There are exceptions to all of these points, of course. Some range extenders have more modern software and can overcome some of the bandwidth issues when paired with routers from the same manufacturers that are designed to be used together. But there's no guarantee you'll be able to do it with your existing router, and at that point, the line between extender and mesh system gets a bit blurry.
Our Top-Rated Wireless Range Extenders
Mesh Network Systems Are More Seamless, Efficient, and Quick to Update
Unlike an extender, which you can add to an existing Wi-Fi network, mesh systems are typically complete replacements for your home Wi-Fi. You can use them in tandem with your current router, but there's usually little reason to (unless your ISP requires it). They're designed to replace your complicated router-and-extender setup with multiple identical units placed around your house that are used together.
While replacing your current router might scare some folks off, remember that this is currently a much more attractive option than in previous years since routers supporting the Wi-Fi 6 (or Wi-Fi 6E) standard are becoming more common. Wi-Fi 6 offers significant improvements in both bandwidth and security, so replacing your older router with either a Wi-Fi 6 routeror a compatible mesh system makes sense now that prices are coming down.
Even without Wi-Fi 6, however, mesh systems have several advantages over traditional extenders. “Home mesh systems like eero, Google Nest WiFi, and Linksys Velop use mesh ‘access points,’ which are all aware of each other, and can wirelessly forward traffic around the network as needed,” says Crane. “They all broadcast the same network name, which enables your Wi-Fi devices like phones and laptops to roam between mesh access points as they choose.” That makes the handoff more seamless than extenders.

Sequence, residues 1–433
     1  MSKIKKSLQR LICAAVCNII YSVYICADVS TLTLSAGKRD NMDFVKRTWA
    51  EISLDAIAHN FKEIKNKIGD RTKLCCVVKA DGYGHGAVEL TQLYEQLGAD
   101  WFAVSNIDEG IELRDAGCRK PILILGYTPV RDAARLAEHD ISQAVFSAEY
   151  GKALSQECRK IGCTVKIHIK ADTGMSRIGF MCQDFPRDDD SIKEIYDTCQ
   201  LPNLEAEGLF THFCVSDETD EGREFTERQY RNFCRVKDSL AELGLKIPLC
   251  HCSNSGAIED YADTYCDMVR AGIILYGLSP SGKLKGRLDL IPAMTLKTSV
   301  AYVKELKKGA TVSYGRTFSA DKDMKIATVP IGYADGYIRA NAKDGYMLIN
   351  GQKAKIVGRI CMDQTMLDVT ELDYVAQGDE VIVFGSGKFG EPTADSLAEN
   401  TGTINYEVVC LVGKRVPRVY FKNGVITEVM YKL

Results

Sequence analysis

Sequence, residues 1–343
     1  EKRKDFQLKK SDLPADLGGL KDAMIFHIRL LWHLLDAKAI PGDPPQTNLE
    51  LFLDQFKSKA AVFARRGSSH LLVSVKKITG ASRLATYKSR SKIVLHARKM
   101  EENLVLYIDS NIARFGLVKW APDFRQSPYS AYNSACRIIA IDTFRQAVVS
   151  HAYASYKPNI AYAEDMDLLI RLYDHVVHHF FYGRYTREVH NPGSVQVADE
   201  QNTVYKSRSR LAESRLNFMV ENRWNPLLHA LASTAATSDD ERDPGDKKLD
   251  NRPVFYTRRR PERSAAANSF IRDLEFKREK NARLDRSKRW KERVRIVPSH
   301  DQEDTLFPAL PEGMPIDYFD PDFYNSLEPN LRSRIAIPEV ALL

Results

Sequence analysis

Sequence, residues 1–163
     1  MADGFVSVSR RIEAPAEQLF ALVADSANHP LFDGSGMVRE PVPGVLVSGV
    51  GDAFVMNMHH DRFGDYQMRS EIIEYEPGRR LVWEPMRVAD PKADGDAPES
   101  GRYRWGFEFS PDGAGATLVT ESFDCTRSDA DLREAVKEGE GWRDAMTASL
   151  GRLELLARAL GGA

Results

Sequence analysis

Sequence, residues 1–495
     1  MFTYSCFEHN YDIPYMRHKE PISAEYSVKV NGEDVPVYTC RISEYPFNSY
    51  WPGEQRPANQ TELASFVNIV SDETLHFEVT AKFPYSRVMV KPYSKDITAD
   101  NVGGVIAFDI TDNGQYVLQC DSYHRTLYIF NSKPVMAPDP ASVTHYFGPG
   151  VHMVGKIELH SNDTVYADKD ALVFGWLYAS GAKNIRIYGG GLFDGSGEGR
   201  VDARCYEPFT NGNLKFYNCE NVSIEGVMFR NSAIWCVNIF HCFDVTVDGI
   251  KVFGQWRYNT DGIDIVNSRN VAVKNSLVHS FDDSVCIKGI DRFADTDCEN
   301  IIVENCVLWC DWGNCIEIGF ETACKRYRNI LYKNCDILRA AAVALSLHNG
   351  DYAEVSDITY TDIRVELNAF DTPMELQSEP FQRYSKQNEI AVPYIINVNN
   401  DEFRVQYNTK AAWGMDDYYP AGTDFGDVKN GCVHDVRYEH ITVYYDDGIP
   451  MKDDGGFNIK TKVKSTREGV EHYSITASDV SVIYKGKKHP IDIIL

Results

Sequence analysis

Furthermore, because mesh units run the same software, they're able to relay traffic more intelligently. That means if you're connected to the second node on the far end of your house, it's only going to rebroadcast packets if the client in question is actually connected to it.
In addition, mesh systems can overcome some of the speed problems that extenders have by using multiple radios to send and receive information simultaneously. “They can use a 2.4GHz channel to communicate with the client and then use their 5GHz channel to relay data to the other mesh access points on the network,” says Crane. Some mesh systems may even have three radios — one radio dedicated to that backhaul communication to the router, and two radios for communication with laptops, phones, and other client devices. This is particularly useful when you have a lot of devices on the network.
If you can buy a tri-band model, I’d recommend doing so. It’s still not perfect — ideally, you’d connect your mesh access points to each other with Ethernet for the best speeds — but if you don’t have Ethernet wiring in your home, it’s a step up over dual-band mesh systems and traditional range extenders. One of the latest such offerings is the Amazon Eero Pro 6, a tri-band mesh system that supports Wi-Fi 6 and includes a Zigbee smart home hub built into the core router. Alongside its lower-end sibling, the Eero 6, Amazon's lineup is a relatively affordable way to jump into mesh networking.
Finally, setting up and managing your network is much easier with modern mesh systems. Instead of dealing with multiple configuration pages, you can manage the entire network from a smartphone app. Many mesh systems also update their firmware automatically, which is a huge step up over most routers, which require you to check the manufacturer's web page for updates, download a file, and send it to your router manually. Most users don't even go through this arduous process, leaving them vulnerable to security threats. With an all-in-one mesh system, you're more likely to get regular updates, which improves usability and security. That's huge.